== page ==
Use the phrase "high-performance building" and many owners and facility managers will immediately think, "paperwork-intensive, LEED-certified building" or "complex, high-tech building with a steep operating learning curve."
Say "energy modeling," and they may recall a building that just didn't live up to the energy-savings projections under conditions of actual use. Maybe it wasn't constructed as designed. Maybe water or cold air leaked into the building through windows, walls or somewhere else. Or maybe the building systems were a nightmare to operate and maintain.
All too often, these concerns are justified. But it doesn't have to be that way.
A high-performance building can be designed for both performance and practicality. It can be constructed to specifications and the results verified through building-envelope commissioning to make sure it is water- and air-tight.
What it takes to achieve those goals is a multidisciplinary process of designing and engineering a high-performance building that will drive down energy costs for the owner — without requiring a rocket scientist to operate it.
In the conventional approach to building design, architects begin with building massing — assigning the general shape and size of the building — to accommodate the program and to fit the new building into its context.
At this phase, energy modeling is used to test the effects of various factors — alternative building orientations, adjacent structures, window-to-wall-area ratios, floorplate depths, and number of stories — on the building loads that would be required to heat and cool the structure. In this way, the results of the earliest round of energy modeling can be used to drive fundamental design decisions.
For example, the results of early energy modeling can be used to identify the optimal ratio of window to wall area. Say the results of this engineering analysis show that optimizing the loads on a building will require that architects design the building with a 25 percent ratio of window to wall area on the south facade, and a 35 to 40 percent ratio on the north facade. In combination with fundamental program information, these hard energy data drive the design.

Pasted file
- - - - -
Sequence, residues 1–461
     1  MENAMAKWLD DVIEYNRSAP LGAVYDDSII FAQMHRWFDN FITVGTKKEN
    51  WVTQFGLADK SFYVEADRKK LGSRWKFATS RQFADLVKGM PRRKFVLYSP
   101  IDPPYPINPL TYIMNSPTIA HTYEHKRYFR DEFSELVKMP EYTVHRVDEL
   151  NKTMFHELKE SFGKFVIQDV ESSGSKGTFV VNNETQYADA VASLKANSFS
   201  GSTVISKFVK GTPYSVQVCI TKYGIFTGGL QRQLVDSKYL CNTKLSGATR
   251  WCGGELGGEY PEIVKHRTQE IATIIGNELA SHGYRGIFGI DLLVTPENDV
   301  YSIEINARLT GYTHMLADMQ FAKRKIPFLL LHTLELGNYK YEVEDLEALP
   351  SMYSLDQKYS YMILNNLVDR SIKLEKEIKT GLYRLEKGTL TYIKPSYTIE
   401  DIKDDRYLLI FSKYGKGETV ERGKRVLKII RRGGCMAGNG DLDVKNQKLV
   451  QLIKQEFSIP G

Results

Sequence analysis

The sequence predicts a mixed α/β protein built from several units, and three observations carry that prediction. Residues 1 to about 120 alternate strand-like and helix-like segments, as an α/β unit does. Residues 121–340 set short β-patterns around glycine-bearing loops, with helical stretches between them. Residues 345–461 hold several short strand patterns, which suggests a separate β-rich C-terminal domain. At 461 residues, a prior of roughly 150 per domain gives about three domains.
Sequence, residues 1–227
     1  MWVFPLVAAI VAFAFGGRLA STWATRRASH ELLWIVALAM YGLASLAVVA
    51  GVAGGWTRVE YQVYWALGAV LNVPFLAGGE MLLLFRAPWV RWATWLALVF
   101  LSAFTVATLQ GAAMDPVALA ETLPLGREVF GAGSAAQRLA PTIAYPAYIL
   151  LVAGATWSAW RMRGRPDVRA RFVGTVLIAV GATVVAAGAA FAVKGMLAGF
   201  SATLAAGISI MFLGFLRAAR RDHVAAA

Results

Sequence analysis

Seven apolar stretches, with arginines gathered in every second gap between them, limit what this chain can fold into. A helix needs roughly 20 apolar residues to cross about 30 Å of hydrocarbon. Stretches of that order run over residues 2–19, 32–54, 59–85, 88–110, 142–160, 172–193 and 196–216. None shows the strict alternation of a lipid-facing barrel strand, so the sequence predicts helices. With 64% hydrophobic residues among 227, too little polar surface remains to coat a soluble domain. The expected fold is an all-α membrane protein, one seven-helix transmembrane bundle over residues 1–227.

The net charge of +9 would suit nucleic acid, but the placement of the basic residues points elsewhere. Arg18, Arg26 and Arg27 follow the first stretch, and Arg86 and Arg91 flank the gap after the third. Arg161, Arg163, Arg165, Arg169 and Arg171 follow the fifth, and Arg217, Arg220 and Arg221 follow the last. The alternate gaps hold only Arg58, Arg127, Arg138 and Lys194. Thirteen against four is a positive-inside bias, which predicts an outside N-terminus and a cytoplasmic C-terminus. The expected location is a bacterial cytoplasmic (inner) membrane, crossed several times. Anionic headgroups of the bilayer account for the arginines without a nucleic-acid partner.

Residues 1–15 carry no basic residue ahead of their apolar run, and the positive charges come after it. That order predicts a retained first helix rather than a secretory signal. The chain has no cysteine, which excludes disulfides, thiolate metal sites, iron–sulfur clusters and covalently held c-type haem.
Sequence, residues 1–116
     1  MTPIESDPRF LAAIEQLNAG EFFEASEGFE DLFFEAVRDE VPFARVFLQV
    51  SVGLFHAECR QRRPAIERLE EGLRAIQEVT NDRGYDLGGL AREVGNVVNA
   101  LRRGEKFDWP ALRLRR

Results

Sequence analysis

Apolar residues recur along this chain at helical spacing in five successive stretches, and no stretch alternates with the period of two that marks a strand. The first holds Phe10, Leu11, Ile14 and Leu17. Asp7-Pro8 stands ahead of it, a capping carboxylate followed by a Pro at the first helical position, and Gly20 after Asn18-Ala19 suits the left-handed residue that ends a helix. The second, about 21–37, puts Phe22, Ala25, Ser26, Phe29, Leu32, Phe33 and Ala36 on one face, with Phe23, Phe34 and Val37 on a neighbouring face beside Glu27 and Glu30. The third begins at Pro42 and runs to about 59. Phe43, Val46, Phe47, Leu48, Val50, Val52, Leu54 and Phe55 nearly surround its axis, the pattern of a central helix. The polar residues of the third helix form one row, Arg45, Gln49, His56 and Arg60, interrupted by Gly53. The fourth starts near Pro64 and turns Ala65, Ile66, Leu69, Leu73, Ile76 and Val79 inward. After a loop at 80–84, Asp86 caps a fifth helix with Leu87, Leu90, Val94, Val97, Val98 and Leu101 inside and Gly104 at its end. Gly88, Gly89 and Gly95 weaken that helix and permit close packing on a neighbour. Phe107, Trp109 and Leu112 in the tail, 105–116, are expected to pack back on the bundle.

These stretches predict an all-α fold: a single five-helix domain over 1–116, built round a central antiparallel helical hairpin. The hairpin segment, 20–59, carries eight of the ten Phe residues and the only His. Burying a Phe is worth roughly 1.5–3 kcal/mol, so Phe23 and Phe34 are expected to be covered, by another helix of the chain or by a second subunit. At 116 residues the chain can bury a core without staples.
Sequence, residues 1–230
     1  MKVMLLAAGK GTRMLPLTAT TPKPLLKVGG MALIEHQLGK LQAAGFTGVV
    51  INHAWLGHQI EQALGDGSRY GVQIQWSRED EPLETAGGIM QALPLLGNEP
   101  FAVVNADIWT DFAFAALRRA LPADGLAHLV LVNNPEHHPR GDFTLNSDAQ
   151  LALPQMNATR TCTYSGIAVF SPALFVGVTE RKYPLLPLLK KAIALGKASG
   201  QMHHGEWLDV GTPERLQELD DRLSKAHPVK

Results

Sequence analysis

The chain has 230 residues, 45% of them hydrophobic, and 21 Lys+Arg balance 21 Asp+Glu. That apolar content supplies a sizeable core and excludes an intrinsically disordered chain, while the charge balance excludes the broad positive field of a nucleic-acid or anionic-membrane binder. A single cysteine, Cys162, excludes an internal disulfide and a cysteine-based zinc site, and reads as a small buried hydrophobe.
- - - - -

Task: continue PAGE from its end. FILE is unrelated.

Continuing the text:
A skeptic might argue that it really doesn't matter — that one can achieve the same energy performance simply by increasing the R-value of the wall insulation on a north-facing wall or by using a shading system over large windows on a west-facing wall. But those strategies both have problems. In the case of the former, using more wall insulation would drive up capital cost. The latter is much easier to draw than it is to engineer and optimize.
A skeptic might also argue that, if the glazing is reduced too much, building users and performance will not benefit from daylighting. But daylighting is an integral part of optimizing a high-performance building. If the project team is targeting a 25 percent window ratio, then they must also design and place windows to optimize daylight harvesting.
One specific example of the process of energy modeling to parse window-to-wall ration is being used in the early stages of design of a new academic building at Rockhurst University in Kansas City, Mo. It will have a theater — a large, two-story volume with very little glass. The design decision to locate that component on the north versus the south side will impact loads for the overall facility. That's one example of why it makes good sense to drive design using energy modeling.
After the initial round of energy modeling to guide fundamental design decisions such as these, the process is repeated to guide and further validate design and engineering.
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